Lord, I have heard of your fame; I stand in awe of your deeds, O Lord. Renew them in our day, in our time make them known; in wrath remember mercy. . . .
I heard and my heart pounded, my lips quivered at the sound; decay crept into my bones, and my legs trembled. Yet I will wait patiently for the day of calamity to come on the nation invading us.
Though the fig tree does not bud and there are no grapes on the vines, though the olive crop fails and the fields produce no food, though there are no sheep in the pen and no cattle in the stalls, yet I will rejoice in God my Savior.
The Sovereign Lord is my strength; he makes my feet like the feet of a deer. He enables me to go to the heights.
(Habakkuk 3:2, 16-19, NIV)
The Book of Habakkuk is unique in Scripture. Although included among the “Minor Prophets,” Habakkuk’s writings were not addressed to others, but were rather an account of the prophet’s dialogue with God. As a contemporary of Jeremiah, Habakkuk experienced the difficult, violent times when the Jews were caught in the midst of the struggle between the large aggressive military empires of Egypt, Assyria, and Babylon.
Chapter 1 records Habakkuk’s anger that evil and oppression in Judah were going unpunished by God and God answers Habakkuk’s plea by telling him that the Babylonians will be used as an instrument of judgment against Judah. This is not an answer Habakkuk wanted to hear. The first chapter ends with Habakkuk’s frustrated response: how can a just God use people even more wicked than the Jews to punish his people? In chapter 2, God informs him that although Babylon will punish Judah, Babylon will herself be punished for her sins and that through it all the faithful would be rewarded.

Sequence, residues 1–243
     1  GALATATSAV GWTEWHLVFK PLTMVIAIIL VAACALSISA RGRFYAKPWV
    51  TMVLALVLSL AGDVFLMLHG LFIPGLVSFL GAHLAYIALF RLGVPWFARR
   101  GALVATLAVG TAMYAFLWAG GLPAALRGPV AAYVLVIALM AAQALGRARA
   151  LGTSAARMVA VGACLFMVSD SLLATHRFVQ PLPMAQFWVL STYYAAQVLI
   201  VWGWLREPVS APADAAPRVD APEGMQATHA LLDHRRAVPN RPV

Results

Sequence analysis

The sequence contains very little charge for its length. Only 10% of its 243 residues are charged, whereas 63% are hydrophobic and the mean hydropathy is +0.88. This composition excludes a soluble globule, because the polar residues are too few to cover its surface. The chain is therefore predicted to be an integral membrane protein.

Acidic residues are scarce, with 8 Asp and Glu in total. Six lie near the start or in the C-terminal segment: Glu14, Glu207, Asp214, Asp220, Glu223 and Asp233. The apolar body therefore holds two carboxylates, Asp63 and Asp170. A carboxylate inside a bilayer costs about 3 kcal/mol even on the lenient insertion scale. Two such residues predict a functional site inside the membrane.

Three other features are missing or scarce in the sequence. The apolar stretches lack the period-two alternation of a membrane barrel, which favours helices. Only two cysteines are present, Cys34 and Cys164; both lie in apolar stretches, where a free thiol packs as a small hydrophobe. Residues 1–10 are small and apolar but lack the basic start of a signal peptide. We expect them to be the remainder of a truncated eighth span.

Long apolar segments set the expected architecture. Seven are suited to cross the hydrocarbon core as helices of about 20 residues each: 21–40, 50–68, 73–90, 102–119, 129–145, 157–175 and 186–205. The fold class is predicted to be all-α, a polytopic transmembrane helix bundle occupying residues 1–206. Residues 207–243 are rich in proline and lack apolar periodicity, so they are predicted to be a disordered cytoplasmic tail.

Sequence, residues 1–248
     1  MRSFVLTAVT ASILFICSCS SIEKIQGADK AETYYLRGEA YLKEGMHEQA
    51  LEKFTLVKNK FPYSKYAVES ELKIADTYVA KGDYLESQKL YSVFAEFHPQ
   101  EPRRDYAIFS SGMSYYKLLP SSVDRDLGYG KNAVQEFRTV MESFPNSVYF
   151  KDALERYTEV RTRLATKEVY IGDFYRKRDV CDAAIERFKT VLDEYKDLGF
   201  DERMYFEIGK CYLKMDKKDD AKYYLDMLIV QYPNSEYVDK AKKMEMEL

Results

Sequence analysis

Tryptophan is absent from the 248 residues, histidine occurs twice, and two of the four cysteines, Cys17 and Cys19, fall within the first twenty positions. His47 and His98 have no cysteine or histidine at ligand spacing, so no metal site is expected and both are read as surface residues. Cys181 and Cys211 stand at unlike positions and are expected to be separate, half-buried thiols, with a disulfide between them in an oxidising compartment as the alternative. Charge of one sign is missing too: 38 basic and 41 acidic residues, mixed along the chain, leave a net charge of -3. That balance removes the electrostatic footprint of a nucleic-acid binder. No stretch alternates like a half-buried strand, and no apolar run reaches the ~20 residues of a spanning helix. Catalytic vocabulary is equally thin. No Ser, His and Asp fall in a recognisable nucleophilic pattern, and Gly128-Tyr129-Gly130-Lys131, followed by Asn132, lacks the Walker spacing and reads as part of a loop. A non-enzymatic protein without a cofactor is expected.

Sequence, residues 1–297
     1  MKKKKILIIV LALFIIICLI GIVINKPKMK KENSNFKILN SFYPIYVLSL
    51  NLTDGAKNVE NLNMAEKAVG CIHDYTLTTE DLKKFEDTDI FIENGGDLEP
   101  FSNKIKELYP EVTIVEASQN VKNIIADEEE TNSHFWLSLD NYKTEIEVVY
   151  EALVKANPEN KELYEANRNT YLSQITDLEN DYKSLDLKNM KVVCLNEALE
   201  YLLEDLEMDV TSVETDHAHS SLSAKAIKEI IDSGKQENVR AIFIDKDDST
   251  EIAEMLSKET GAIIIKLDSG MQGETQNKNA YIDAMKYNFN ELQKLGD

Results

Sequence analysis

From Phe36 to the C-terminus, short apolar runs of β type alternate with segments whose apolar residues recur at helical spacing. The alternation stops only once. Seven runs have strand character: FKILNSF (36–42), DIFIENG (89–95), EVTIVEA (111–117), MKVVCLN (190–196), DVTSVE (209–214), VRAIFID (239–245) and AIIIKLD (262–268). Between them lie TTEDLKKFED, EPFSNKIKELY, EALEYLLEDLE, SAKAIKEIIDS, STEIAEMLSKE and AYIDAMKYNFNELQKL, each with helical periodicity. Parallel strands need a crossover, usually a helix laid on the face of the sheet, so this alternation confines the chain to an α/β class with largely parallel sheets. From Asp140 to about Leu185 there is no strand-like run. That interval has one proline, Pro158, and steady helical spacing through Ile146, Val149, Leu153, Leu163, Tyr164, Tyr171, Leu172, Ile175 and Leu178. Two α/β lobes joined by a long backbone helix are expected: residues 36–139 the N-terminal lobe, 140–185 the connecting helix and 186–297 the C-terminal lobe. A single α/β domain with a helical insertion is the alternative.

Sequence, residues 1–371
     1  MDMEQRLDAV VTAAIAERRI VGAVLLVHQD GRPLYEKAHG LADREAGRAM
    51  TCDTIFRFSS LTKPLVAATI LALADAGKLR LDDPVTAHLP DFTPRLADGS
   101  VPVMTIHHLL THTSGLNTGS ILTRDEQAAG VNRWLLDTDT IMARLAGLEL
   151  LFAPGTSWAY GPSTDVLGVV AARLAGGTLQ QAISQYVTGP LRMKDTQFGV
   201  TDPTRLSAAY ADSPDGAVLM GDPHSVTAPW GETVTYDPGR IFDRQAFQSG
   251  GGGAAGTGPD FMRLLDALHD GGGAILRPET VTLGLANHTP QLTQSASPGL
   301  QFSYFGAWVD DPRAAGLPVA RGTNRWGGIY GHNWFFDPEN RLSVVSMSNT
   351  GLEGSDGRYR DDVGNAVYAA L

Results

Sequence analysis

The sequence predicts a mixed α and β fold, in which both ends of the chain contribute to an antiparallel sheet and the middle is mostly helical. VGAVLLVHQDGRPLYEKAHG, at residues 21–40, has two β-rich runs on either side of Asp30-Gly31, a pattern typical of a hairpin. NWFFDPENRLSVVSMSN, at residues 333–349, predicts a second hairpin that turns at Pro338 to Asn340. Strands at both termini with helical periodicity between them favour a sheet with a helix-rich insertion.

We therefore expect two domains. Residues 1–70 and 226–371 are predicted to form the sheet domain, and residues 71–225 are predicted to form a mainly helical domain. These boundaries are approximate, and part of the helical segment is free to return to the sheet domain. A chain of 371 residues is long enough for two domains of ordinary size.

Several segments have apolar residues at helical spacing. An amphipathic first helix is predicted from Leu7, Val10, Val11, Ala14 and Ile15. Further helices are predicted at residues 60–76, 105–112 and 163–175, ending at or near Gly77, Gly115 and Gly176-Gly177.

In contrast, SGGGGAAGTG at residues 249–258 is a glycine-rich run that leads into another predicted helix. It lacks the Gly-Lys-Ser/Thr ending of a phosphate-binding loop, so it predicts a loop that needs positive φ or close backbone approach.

Today’s verses record the magnificent prayer of Habakkuk in which the prophet expresses his complete trust and confidence in God. Despite all the hardship graphically depicted by Habakkuk in terms of fig trees that do not bud, vineyards that are barren, the failure of the olive crop, and the death of livestock – all the result of war and foreign occupation: “Yet I will rejoice in the Lord, I will be joyful in God my Savior” (v. 18). The practice of peacemaking, as illustrated by the righteous prophet Habakkuk, means rejoicing despite the circumstances. Even when the situation is desperate and beyond control, the Biblical message is clear: “the Sovereign Lord is my strength.” (v. 19a) – therefore rejoice in the Lord. There will be times when the cause of peace appears hopeless and working for peace a futile exercise. There will be times when all peacemakers can do about a situation is cry, as Jesus did over Jerusalem. But Christians are people of hope who can rejoice despite the circumstances.
Almighty God, we praise you for your mighty deeds in history, for saving your people and offering them hope and a future. You are our strength. Help us to trust you completely so that even in times of hardship and desperation, we can “rejoice in the Lord” and be “joyful in God our Savior.” Amen.